Incident Date: September 2, 1888
Department: Baltimore City Fire Department (MD)
Number of Line-of-Duty Deaths: 7
What proved to be the most terrible event that has happened in the department began when Box No. 526 sounded at 4:24 am. The 5-story brick double building occupied by E.A. Prior & Company, 107-109 South Sharp Street was afire. The warehouse was 217 feet deep through to Cypress alley, and flames were coming out of the lower floor, front and back, and heavy smoke from all the upper windows. Second and third alarms were sounded.
Assistant Chief Engineer Thomas F. Murphy and the members of Engine Company No. 7, and Hook & Ladder Company No. 2 hastened to the top floor of the next door building, No. 105, prepared to cut a hole through the wall so that a hose pipe could throw a stream of water into the burning building.
Outside, Captain John J. Ledden, (Engine-2), noticed the wall of 107 sway a little. He shouted up the stairway “Get out quick,” and the men came running down. Chief Murphy looked up at the top of the building and said “Captain, if this wall falls, it won’t hurt the next door building,” and he ordered the firemen back to their assignments. The Chief conversed for a moment, then started up the stairway, when suddenly the wall fell. Captain Ledden grabbed the Chief, pulling him outside just as the buildings came tumbling down, carrying every floor to the cellar, and with it nine of our brave firemen.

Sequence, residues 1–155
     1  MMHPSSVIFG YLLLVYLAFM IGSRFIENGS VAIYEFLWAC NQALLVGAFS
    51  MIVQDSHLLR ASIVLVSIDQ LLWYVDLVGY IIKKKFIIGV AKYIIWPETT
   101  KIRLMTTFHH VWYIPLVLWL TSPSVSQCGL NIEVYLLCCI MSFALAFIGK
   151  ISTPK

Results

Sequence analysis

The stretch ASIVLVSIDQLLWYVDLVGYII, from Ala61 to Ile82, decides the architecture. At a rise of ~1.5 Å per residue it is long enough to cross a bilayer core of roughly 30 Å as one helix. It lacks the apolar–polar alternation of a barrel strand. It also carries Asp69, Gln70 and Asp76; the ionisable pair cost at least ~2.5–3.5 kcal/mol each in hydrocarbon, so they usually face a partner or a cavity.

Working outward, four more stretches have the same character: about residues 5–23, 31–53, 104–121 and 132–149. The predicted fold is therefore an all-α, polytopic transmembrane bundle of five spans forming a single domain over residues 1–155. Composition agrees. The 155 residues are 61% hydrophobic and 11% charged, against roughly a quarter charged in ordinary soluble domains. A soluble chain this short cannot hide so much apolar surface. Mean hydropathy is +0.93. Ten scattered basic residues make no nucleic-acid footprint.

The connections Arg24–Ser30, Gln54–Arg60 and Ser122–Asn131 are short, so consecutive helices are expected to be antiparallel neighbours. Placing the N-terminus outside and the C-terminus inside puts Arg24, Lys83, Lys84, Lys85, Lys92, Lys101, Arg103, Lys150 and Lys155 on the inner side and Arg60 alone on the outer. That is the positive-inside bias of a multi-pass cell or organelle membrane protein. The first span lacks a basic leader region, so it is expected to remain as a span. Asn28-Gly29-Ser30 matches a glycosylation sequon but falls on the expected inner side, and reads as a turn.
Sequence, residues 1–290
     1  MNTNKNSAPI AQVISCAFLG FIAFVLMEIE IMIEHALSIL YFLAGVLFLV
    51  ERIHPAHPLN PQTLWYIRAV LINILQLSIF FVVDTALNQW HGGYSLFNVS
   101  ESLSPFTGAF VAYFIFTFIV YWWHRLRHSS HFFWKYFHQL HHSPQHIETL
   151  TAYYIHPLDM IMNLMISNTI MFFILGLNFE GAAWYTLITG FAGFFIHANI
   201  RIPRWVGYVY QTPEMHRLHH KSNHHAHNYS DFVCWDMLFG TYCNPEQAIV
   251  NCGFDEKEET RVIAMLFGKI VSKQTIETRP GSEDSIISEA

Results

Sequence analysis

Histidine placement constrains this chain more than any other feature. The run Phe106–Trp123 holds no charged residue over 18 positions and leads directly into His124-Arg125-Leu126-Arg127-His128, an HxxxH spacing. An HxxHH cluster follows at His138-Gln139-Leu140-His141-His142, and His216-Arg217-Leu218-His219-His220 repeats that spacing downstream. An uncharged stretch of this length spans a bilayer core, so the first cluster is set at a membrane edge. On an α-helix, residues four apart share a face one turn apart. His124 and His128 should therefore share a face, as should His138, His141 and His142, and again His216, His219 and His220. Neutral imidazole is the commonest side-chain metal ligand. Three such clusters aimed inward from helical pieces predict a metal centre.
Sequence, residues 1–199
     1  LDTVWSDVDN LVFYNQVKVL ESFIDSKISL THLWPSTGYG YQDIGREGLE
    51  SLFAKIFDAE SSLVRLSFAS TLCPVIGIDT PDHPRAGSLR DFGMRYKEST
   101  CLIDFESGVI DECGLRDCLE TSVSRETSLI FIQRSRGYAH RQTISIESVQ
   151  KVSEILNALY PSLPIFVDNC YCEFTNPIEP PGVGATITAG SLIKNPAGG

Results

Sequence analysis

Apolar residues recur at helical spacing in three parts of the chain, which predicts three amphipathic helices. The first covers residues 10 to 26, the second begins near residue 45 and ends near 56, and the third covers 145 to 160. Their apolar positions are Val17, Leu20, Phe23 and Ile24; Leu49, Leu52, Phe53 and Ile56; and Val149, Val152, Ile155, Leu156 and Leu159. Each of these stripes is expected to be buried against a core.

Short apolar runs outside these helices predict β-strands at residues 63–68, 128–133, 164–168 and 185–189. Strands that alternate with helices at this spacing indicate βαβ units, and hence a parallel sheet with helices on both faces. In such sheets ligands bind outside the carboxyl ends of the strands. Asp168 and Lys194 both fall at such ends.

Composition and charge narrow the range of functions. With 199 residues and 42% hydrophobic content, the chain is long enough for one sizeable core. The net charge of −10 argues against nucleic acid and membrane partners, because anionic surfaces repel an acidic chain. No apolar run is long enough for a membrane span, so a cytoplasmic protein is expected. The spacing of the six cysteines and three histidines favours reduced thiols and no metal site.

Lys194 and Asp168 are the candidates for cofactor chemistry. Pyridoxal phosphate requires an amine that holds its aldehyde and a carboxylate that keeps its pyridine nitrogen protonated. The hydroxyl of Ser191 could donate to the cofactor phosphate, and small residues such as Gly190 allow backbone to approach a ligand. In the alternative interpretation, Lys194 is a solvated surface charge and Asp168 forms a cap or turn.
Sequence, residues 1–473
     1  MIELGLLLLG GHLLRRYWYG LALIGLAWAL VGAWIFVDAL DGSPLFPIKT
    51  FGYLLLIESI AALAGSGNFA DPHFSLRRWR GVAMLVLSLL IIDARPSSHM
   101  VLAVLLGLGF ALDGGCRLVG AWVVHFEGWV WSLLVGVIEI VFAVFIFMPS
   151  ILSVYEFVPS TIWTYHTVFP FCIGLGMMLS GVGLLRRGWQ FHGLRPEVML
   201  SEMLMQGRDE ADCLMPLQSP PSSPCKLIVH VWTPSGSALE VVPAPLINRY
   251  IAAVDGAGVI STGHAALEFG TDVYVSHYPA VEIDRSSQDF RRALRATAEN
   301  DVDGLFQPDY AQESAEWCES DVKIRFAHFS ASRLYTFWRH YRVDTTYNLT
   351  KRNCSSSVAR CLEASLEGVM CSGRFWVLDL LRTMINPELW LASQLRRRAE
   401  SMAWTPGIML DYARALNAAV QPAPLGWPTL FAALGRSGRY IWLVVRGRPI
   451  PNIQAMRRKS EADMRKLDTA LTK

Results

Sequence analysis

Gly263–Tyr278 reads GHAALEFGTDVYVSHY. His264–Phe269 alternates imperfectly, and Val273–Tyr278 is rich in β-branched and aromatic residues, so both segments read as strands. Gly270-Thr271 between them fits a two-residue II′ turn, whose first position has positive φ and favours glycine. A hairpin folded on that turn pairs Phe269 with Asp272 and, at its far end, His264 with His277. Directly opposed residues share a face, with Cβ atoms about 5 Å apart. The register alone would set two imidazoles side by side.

As the dust cleared away, Ladderman John W. Kelly was seen on the cornice above the doorway, alive but badly bruised. All available men started to dig into the ruins for the buried firemen, when a feeble voice was heard to say “Save Me!” It was Ladderman August Eck, who was pinned in a horrible position with his feet burning, but after some hard work, he was freed, alive.
Encouraged by the miraculous escape from death of the two men, the rescuers tugged at the rubble all the harder, but alas, the bodies of seven comrades were recovered.
Firefighters Who Died in the Collapse:
More About Memorial Monday
Memorial Monday is established to remember the sacrifice of firefighters who died in the line of duty before the National Memorial was created in 1981. On the last Monday of every month, a firefighter, or groups of firefighters, will be remembered through information located about the firefighter and their sacrifice.
- Memorial Monday – Chicago Union Stockyards Fire (IL)
- Memorial Monday – The Loop Fire (CA)
- Memorial Monday – Boston Toy Factory Fire (MA)
- Memorial Monday – Gulf Oil Refinery Fire (PA)
- Memorial Monday – Kingman Explosion (AZ)
- Memorial Monday – St. Louis Apparatus Crash (MO)
- Memorial Monday – Uptown Shelby Explosion (NC)
- Memorial Monday – Texas City Disaster
- Memorial Monday – Bowen-Merrill Bookstore Fire
- Memorial Monday – Merrimac Street Fire
- Memorial Monday – Butte Warehouse Explosion
- Memorial Monday – Louisville Recreation Center Fire
- Memorial Monday – Wichita Commercial Roof Collapse
- Memorial Monday – Sitka Brush Fire/Explosion
- Memorial Monday – Duluth Street Car Crash
- Memorial Monday – Blackwater Fire
- Memorial Monday – Auburn Apparatus Collision
- Memorial Monday – Swanson Office Building Fire
- Memorial Monday – Jass Manufacturing Company Fire
- Memorial Monday – St. Louis Streetcar Collision
- Memorial Monday – Strand Theatre Fire
- Memorial Monday – Tru-Fit Clothing Company Fire
- Memorial Monday – Hubbard Street Fire